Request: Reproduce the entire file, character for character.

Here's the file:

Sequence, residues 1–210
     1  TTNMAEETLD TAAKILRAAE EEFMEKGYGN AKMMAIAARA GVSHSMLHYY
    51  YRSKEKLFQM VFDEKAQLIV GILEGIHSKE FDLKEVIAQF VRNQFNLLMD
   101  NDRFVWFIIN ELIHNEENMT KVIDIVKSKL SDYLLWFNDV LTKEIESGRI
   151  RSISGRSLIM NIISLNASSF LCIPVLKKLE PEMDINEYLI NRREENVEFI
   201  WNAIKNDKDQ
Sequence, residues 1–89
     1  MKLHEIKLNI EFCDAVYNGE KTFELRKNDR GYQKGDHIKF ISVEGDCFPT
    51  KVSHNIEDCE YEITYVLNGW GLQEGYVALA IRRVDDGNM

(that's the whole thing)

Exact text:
Sequence, residues 1–210
     1  TTNMAEETLD TAAKILRAAE EEFMEKGYGN AKMMAIAARA GVSHSMLHYY
    51  YRSKEKLFQM VFDEKAQLIV GILEGIHSKE FDLKEVIAQF VRNQFNLLMD
   101  NDRFVWFIIN ELIHNEENMT KVIDIVKSKL SDYLLWFNDV LTKEIESGRI
   151  RSISGRSLIM NIISLNASSF LCIPVLKKLE PEMDINEYLI NRREENVEFI
   201  WNAIKNDKDQ
Sequence, residues 1–89
     1  MKLHEIKLNI EFCDAVYNGE KTFELRKNDR GYQKGDHIKF ISVEGDCFPT
    51  KVSHNIEDCE YEITYVLNGW GLQEGYVALA IRRVDDGNM